If you trip on over on privately owned land – such as in a supermarket car park – you might still be able to make a compensation claim. In these cases, your claim will be made against the person or company that owns the land.
Private land and property owners have a responsibility under the Occupiers’ Liability Act 1957 to make sure their property is safe, and this includes making sure pathways are free from tripping hazards.
A landowner’s duty of care applies to everyone, so it’s possible you’ll still be able to claim even if you were trespassing on someone’s land. But your solicitor will need to get hold of enough evidence to prove that the property owner failed in their duty of care, and that your injuries happened as a direct result.
Your solicitors will never pass judgement on your wrongdoing – they’ll only be concerned with helping you making a successful claim to compensate you for your injuries.
To make a claim after a trip or fall on a pavement, your solicitor will need to prove two main things:
Not all pavement damage is someone’s fault. Poor weather can make many walkways and pavements dangerous, and you should make sure you wear footwear for the conditions, slow down and take extra care.
In some cases, the property owner or local authority might be expected to put up warning signs, but that depends on the circumstances. The fact is, sometimes accidents do happen when no one can be held responsible.
However, if you think someone was negligent and you slipped or tripped through no fault or your own, your solicitor will need to prove that they failed to uphold their duty of care to you, and that this directly caused your injuries.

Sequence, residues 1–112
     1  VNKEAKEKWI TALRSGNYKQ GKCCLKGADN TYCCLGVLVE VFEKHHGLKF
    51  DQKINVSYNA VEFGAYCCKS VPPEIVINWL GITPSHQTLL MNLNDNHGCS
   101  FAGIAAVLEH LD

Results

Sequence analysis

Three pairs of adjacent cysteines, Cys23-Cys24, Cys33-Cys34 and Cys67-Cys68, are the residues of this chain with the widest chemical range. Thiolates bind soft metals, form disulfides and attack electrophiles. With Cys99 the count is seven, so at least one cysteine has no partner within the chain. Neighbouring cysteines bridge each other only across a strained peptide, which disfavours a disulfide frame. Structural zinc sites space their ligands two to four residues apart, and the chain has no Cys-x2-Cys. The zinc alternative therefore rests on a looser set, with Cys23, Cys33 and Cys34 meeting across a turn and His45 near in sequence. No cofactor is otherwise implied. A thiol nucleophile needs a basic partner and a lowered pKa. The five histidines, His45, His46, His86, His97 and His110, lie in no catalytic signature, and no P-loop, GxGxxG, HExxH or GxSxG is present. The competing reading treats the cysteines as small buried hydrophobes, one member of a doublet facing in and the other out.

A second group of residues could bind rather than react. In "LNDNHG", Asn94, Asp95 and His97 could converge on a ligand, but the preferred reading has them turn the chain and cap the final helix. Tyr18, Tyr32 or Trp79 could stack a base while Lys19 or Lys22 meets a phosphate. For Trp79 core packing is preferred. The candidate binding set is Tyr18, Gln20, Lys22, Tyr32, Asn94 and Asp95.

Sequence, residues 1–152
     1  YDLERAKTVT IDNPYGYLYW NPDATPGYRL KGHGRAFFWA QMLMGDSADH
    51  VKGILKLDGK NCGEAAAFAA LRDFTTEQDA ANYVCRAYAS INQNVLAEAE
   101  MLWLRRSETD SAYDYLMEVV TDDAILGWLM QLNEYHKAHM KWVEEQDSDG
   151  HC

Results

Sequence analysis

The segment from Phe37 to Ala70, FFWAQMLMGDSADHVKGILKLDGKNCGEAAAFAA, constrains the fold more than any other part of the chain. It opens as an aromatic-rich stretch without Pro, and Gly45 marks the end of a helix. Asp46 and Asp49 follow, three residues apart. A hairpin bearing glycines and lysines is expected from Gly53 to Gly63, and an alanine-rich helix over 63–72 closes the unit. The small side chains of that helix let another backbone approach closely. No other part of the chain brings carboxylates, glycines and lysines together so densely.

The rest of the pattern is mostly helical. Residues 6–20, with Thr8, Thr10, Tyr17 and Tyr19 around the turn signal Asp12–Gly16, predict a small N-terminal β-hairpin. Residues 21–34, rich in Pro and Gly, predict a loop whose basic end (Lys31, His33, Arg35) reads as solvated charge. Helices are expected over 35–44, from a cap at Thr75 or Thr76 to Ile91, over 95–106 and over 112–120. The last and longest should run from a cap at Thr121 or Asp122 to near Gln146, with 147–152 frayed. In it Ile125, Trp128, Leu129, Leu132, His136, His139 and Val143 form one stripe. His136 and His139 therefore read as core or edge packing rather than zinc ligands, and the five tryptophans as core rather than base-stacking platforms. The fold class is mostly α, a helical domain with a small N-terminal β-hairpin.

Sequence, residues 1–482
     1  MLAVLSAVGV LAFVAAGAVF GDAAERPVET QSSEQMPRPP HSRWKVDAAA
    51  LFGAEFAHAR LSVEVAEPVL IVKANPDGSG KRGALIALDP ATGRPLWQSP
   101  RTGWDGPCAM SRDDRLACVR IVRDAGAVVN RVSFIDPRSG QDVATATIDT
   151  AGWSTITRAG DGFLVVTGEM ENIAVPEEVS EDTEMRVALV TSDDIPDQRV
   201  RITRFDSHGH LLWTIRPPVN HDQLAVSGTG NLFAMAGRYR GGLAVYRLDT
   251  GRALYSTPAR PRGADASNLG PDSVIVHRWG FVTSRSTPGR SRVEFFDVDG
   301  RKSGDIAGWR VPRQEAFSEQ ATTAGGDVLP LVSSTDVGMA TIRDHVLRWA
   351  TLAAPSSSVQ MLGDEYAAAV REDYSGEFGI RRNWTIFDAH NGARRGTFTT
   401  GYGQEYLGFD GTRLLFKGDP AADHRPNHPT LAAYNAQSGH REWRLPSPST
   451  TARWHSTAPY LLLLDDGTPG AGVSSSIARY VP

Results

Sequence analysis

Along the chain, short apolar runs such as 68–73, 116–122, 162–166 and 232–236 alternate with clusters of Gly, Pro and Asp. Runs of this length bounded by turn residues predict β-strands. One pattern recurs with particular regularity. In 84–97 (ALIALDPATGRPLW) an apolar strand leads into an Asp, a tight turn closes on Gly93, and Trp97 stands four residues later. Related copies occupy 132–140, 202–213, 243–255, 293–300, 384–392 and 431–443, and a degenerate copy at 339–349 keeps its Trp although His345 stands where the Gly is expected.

An important part of any successful claim is showing that the local authority knew about the damaged pavement but hadn’t repaired it within a reasonable amount of time.
If your local authority says that they the defect was new and they didn’t know about it, then your solicitor can put in a Freedom of Information request – this means they’ll need to give information on the inspection regime and share any reports of faulty pavements.
Your personal injury solicitor will work hard to build the strongest case possible for you. They’ll do most of the work on your behalf, but there are a few details you can gather which might help your claim go smoothly.
One of the strongest pieces of evidence for pavement trip and fall claims is photographs. As soon as you can, it’s best to take photographs of the damaged walkway or pavement, using a ruler or tape measure in the photo to show the size.
Other things which will help with your case are:
If you feel that your ready to discuss your accident, you can speak to a trained legal adviser free on 0800 234 6438 or request a callback by submitting the online claim form. There is no obligation to make a claim after contacting an adviser.
Nicola is a dual qualified journalist and non-practising solicitor. She is a legal journalist, editor and author with more than 20 years' experience writing about the law.